The black Olds Silhouette sets off on a day trip to LA with this writer, the better half, and daughter on board and a not-too-aggressive list of state landmarks to see in the county of angels. First landmark stop is in
This is the part of
If this writer were to conjure up a song on the mill, it would this story, found on Wikipedia….besides, any story from someone named Topsy Tinkle must be considered:
In his 1898 publication, Topsy Tinkle recounted a story that the Indians told about a natural spring located on the site of the Old Mill. The story told of a 16-year-old Indian named Catalina with "thick, jet-black hair" and "big, melting black eyes." Catalina lived in the time of the San Gabriel Mission and gave roses to the Virgin Mary in hopes that she could win the heart of the handsome Jose, even hoping that "something dreadful" would happen to another girl of whom Jose was fond. When Jose left for two years serving on a ship, Catalina turned her back on the Virgin, and Catalina began praying to the old "Mexican god", described as a "hideous clay image". Catalina died of sorrow when Jose did not return, and her body was buried on the spot where the mill was later built, a spot from which a natural flow of spring water "slowly oozes". According to the legend, oozing spring water is "only the tears from a loving woman's broken heart."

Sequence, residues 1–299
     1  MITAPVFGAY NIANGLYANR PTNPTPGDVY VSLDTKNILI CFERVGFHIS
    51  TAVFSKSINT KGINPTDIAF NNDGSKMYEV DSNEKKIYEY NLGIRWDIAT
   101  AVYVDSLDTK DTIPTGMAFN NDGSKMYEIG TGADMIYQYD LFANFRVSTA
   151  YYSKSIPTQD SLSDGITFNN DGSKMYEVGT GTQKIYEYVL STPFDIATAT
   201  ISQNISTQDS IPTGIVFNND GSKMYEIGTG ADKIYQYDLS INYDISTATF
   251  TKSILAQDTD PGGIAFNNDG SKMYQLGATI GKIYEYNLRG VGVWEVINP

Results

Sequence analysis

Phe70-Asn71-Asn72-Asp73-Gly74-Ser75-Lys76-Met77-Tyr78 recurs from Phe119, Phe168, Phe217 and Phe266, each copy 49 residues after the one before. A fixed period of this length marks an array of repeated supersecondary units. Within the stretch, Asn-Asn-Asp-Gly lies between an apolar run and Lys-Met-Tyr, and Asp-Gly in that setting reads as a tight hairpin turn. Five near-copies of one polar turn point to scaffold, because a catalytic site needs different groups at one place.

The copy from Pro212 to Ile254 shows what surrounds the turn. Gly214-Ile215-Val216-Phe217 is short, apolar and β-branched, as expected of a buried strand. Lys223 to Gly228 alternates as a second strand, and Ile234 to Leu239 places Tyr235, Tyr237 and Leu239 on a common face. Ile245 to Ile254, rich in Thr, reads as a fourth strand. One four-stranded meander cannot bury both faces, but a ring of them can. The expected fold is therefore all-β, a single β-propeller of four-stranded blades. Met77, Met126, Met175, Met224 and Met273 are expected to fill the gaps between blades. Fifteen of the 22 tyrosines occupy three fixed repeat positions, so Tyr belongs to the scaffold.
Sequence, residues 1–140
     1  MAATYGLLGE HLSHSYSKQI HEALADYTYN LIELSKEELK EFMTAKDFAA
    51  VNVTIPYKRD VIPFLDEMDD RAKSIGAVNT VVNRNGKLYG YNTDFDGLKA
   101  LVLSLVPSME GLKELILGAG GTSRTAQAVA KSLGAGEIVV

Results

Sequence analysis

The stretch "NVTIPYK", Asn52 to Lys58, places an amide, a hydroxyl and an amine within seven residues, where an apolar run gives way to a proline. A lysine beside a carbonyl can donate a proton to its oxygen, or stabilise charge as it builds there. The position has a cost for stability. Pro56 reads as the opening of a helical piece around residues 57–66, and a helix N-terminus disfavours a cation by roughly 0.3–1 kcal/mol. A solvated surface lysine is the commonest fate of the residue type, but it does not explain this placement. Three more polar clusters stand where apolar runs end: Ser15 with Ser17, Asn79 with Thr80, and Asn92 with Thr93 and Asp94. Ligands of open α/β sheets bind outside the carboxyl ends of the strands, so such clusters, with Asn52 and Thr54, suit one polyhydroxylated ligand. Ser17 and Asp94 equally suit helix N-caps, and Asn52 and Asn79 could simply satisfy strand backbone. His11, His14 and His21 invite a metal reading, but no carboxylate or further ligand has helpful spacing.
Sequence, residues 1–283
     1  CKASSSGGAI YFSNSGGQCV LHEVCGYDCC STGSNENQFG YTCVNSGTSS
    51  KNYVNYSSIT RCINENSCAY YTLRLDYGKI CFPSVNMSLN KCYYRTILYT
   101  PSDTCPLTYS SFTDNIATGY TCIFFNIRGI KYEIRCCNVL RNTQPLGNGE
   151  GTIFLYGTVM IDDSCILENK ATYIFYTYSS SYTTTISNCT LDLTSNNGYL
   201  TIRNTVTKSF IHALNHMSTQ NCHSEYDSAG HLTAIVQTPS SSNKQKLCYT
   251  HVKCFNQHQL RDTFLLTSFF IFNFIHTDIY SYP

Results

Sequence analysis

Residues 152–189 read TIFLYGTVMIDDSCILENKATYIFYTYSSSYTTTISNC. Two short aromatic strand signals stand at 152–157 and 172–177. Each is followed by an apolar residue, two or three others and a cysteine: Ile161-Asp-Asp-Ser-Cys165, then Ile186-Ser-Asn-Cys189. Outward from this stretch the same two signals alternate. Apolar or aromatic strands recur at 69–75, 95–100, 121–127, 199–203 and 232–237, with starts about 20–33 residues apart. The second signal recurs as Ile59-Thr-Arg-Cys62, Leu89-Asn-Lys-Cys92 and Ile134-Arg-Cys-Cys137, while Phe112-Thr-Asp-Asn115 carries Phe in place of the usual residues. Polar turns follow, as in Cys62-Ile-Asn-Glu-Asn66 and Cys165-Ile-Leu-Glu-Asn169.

NO. 302 OLD MILL - The Old Mill, El Molino Viejo, was designed by Father José María Zalvidea and built of fired bricks and adobe about 1816 to serve Mission San Gabriel. Another grist mill was built in 1823 near the mission and the old mill was gradually abandoned - it passed from mission control in 1846. The property remained in private hands until 1903, when Henry E. Huntington bought the building and used it for a golf clubhouse. Later owners, Mr. and Mrs. James Brehm, had the mill restored in 1928 by Frederick Rupple.
Location: 1120 Old
USGS Quadrangle Sheet Name: EL MONTE